Well, good news and bad news for pilots. Good news: You don’t have to worry about pulling red eye flight duty anymore. Bad news: You have just been replaced by a bit of brain tissue in a Petri dish.
A Florida scientist developed a “brain” in a dish that is able to pilot a fighter plane. The brain was grown from 25,000 neurons taken from a rat and arranged over a grid of electrodes. No details have as yet been released as to how the scientist created the teeny tiny feet the brain needed to work the pedals.
Okay, so it didn’t really need feet. The “living computer” was hooked to an F-22 jet flight simulator, and over time it learned how to control the virtual plane. This is not only discouraging for professional pilots, but also for all those people who couldn’t figure out how to stop crashing the planes on that airplane video game they got last Christmas.
I know what you’re thinking: how could a dish of just 25,000 neurons fly a plane? For your answer, you have only to look at the people in the top positions of your national government — there may possibly be fewer total neurons running your country.
More seriously, consider the humble house fly. Its entire body is no bigger than the tip of your pinky finger, and yet the fly’s itsy bitsy brain can:
1. Create a mental map of a space such that it can fly up, down, left, right, forward or back without schmucking into something. Usually.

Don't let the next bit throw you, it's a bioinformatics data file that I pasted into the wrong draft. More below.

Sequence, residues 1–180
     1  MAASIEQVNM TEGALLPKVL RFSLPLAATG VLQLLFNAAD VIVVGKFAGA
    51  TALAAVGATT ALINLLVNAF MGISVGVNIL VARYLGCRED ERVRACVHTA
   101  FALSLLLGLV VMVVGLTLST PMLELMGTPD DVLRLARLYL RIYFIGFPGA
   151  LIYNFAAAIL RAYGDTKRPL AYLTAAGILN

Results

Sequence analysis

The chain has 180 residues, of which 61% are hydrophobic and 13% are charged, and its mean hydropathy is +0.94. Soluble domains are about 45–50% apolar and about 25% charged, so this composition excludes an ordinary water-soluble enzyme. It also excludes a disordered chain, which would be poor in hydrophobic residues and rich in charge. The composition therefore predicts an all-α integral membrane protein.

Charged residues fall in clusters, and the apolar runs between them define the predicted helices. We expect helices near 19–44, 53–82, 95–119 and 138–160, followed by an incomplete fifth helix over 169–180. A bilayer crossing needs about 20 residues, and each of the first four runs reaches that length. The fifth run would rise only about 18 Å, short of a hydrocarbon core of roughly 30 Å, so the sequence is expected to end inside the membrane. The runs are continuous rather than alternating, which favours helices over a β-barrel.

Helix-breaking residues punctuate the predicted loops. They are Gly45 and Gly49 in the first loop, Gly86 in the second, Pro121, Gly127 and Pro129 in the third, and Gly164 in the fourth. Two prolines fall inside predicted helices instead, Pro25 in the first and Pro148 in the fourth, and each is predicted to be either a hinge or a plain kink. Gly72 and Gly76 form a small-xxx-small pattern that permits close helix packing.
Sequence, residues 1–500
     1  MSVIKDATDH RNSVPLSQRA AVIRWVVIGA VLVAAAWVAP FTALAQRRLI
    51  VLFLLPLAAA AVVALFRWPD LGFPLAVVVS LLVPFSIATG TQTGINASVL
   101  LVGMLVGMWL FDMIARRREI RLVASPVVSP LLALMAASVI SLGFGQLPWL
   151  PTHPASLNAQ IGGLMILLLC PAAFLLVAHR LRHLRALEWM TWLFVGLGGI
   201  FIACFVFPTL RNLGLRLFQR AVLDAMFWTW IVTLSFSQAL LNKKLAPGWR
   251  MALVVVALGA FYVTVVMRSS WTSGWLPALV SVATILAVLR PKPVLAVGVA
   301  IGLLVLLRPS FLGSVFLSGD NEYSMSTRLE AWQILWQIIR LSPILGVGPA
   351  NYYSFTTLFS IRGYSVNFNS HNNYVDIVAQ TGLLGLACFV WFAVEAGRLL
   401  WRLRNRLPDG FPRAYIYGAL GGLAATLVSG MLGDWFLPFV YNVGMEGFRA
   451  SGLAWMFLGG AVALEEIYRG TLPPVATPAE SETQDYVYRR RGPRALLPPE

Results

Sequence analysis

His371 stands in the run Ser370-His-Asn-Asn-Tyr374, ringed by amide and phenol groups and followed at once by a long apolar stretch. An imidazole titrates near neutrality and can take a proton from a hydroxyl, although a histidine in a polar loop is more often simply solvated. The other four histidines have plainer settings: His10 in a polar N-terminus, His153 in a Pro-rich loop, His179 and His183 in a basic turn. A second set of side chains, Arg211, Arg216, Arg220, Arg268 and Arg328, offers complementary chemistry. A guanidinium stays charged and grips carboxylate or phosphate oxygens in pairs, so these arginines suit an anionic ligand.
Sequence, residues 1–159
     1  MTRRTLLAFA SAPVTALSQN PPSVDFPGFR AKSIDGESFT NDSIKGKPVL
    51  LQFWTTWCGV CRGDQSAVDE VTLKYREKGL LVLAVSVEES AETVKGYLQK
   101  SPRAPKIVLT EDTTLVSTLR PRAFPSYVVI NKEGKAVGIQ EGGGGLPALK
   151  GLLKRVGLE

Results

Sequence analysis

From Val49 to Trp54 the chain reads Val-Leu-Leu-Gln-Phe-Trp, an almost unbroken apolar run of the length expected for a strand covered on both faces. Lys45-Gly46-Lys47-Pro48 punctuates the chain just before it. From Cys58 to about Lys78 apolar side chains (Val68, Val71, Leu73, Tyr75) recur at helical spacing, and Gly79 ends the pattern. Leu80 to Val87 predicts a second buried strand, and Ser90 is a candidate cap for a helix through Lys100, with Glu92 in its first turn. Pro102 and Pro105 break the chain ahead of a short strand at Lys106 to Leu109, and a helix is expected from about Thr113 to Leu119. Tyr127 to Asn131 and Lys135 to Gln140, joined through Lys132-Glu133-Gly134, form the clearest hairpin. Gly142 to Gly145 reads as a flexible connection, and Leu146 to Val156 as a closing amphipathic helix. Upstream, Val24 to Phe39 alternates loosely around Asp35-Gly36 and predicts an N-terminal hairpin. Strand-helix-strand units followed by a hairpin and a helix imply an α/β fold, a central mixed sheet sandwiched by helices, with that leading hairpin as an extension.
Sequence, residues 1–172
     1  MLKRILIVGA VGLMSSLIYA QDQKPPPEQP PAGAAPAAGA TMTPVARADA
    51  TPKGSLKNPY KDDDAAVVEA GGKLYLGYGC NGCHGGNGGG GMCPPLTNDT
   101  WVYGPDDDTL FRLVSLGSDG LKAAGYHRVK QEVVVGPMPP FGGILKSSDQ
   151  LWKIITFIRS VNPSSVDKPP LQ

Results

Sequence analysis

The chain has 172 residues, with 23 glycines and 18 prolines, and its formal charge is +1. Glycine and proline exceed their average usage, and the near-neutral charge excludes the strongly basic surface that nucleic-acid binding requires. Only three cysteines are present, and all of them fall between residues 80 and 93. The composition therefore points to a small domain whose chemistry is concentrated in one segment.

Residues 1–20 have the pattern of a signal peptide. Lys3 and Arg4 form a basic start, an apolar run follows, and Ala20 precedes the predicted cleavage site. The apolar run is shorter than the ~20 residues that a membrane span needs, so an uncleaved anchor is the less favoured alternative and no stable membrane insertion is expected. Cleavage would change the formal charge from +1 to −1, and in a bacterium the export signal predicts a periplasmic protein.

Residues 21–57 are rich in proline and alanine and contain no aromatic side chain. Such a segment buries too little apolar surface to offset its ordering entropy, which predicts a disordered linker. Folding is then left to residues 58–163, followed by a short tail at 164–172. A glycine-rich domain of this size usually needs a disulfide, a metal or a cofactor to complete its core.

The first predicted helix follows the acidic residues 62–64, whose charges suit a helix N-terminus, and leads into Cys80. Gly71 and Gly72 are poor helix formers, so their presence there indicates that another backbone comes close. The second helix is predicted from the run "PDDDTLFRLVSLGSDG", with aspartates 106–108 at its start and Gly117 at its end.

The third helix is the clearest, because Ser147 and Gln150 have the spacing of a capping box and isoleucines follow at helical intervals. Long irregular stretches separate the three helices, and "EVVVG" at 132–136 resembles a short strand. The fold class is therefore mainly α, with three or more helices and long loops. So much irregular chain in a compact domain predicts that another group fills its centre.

2. Come in for a perfect three-point (well, in a fly’s case, six-point) landing on a desk, a wall, or even upside down on a ceiling.
3. See that you’re approaching with a fly swatter and time its takeoff for the last possible second, in order to maximize your dammit-I-missed-again quotient.
Indeed, slow reflexes are just the least of humanity’s physical deficits. We don’t have fangs, so we have to go to our local supermarket rather than the veldt for a nice bit of wildebeest. Most of us lost our furry layer several generations ago, and so the only thing standing between us and frostbite on a winter evening is a parka and a stiff scotch. And the only scales we have are the ones in the bathroom, which remind us that we’ve been enjoying too much rump roast and hard liquor.
Our numbers aren’t that impressive either. The most recent estimates suggest that humans have about 20,000 genes. Compare that to a fruit fly (13,000), or a nematode worm (18,000) or a plant in the mustard family called aribidopsa (27,000). Yes, what this means is that, genetically speaking, we can’t even cut the mustard.
We can’t leap tall buildings, fly or breathe underwater — well we can, but not for very long, and the side effects are kind of severe. I’d bet that if there was a book listing (hello, James Herriot) All Creatures Great and Small, you’d find us under “R” for “runt of the litter,” or “F” for “failed prototype.”
So how did we survive this long? What traits do we have that ensure our success? I can think of two — the first of which is curiosity. After all, it’s us analyzing chemicals, peering into space and counting the genes. Your average dog, while very bright, is mainly interested in the number of bites it would take to demolish that cupcake you’re holding. And you know what the average cat thinks about curiosity.
Oh, and that other trait that sets humans apart?
The ability to enjoy humour columns, of course.